Roses can be particularly affected by cooler temperatures making it important to ensure you look after these beauties so they survive the season.
Here are some tips to help you care for your rose garden during the winter, by doing some basic DIY in your back garden.
In order for your roses to thrive, you need to harden them off for the winter so they are fully dormant when those hard hitting frosts strike.
One way to achieve this is by halting your fertilisation process around six weeks before the first frost is expected.
If you continue to fertilise your roses will keep growing!
As well as limiting the fertiliser, it is important you stop cutting your roses in time. This means no de-heading or flower cutting.
This can encourage dormancy, particularly if the plant is permitted to grow 'hips'.
Water after the frost
Straight after the first frost, make sure you thoroughly water the soil around each plant. This can help the bush to survive once the ground begins to freeze.
It is also important that you remove any fallen leaves and insects from the base of your plant as this can lead to over-wintering if your rose.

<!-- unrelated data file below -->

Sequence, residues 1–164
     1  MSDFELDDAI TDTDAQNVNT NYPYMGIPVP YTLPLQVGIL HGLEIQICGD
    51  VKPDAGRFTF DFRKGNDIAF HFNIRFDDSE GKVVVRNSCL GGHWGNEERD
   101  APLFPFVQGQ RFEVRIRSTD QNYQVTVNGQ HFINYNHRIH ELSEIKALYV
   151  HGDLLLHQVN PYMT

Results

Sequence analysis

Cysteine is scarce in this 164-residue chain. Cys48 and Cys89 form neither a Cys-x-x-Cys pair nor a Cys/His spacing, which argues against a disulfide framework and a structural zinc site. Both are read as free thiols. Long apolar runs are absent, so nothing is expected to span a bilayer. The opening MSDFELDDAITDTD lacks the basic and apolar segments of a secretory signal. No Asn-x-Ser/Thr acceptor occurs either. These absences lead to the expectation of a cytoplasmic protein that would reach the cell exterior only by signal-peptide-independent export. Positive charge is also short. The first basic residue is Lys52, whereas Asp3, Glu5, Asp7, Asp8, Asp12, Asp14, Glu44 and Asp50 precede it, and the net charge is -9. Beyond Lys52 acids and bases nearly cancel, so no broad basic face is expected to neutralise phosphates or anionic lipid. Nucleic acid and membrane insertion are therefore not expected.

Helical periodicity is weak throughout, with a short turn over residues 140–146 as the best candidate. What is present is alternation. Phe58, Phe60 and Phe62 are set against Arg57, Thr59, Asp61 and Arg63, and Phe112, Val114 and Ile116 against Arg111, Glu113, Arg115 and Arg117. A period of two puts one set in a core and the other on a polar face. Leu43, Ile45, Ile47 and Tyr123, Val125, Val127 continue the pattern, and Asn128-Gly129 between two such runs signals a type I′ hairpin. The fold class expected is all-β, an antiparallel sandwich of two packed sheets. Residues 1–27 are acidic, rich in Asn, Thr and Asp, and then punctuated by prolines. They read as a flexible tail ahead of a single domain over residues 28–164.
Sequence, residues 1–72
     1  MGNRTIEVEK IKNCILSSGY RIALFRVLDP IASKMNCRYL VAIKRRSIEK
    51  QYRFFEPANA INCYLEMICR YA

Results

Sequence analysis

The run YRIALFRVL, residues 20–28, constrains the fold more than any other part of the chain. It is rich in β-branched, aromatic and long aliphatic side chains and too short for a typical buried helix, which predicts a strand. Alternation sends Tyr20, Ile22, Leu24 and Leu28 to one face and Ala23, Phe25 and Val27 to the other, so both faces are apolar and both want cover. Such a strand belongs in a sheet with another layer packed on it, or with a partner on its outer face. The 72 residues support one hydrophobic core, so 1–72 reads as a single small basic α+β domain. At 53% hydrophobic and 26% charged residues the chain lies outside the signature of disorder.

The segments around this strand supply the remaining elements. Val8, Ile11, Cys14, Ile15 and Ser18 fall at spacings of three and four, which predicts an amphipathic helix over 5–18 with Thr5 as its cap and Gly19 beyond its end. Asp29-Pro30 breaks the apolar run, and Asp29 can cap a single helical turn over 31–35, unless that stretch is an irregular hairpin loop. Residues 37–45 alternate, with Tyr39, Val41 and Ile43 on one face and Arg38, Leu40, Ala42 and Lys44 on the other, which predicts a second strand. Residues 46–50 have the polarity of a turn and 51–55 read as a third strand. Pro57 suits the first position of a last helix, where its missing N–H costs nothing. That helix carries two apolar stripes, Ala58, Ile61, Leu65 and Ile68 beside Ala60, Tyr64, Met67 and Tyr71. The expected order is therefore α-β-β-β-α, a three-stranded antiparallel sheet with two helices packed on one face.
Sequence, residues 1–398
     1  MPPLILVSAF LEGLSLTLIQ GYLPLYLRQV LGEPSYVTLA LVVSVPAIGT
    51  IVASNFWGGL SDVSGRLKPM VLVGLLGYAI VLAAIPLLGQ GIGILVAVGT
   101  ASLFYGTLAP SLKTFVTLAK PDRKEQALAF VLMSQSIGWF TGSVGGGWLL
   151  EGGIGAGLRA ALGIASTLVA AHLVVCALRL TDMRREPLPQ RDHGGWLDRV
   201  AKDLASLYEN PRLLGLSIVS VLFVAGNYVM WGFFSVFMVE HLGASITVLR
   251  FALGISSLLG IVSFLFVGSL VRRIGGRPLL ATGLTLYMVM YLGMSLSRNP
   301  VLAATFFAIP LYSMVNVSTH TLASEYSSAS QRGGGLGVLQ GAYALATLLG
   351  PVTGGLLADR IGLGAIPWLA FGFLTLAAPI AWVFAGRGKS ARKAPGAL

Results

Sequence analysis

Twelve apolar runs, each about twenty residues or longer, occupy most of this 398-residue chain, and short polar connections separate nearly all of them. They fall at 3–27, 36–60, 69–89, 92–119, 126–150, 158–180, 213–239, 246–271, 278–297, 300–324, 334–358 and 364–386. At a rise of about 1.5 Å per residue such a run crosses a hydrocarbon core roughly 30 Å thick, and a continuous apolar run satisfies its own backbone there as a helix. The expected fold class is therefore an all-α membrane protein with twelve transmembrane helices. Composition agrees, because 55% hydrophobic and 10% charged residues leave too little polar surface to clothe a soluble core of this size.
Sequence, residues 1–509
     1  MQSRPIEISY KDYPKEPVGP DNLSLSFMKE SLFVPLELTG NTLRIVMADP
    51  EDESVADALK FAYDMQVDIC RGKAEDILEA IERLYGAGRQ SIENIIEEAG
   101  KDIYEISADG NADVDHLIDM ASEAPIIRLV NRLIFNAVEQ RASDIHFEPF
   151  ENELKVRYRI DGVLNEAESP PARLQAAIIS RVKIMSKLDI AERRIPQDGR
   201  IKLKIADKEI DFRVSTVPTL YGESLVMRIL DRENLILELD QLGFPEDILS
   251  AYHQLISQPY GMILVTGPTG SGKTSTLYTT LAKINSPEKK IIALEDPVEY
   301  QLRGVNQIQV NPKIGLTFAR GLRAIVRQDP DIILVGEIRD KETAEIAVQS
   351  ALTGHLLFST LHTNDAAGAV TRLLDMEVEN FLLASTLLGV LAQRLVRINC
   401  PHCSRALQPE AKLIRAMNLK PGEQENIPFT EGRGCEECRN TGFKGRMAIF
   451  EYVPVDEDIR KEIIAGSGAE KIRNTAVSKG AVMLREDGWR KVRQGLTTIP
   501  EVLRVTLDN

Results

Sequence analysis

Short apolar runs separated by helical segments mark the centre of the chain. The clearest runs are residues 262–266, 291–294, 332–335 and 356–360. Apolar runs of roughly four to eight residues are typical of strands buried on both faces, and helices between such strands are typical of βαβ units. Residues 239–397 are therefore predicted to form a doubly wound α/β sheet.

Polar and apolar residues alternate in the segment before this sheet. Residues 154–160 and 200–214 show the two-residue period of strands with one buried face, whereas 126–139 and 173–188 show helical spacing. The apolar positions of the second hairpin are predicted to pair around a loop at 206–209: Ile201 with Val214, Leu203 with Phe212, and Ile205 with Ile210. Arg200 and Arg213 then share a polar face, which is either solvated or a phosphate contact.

Throw these in your compost if you have one.
Add extra soil over the base
Once the frost season has well and truly started, you will need to add mulch to your rose plants.
If you live in Australia's more mild climates, you will only need to add around 16 - 30 cm of mulch up the canes.
This provides enough insulation to maintain an even temperature. Roses, particularly hybrid tea roses are affected by fluctuations in temperatures, which happens when they thaw and are frozen again and then thaw and refreeze.
The kind of mulch you should add includes leaves, compost or straw, depending on what you have lying around.
Depending on how cold it gets, you may need to provide more protection for your plants.
Start by placing four stakes around the mulched zone and then add a protective layer of burlap around the stakes, tying it into place with string.
Fill in the hole on the inside with shredded dry leaves to protect your rose from harsh winds that could damage it.
Alternatively, you can enclose smaller shrubs in cardboard cylinders and fill with shredded bark for more insulation during the cooler months.
This is particularly important for climbers and tree roses as these are more prone to being affected by temperature changes.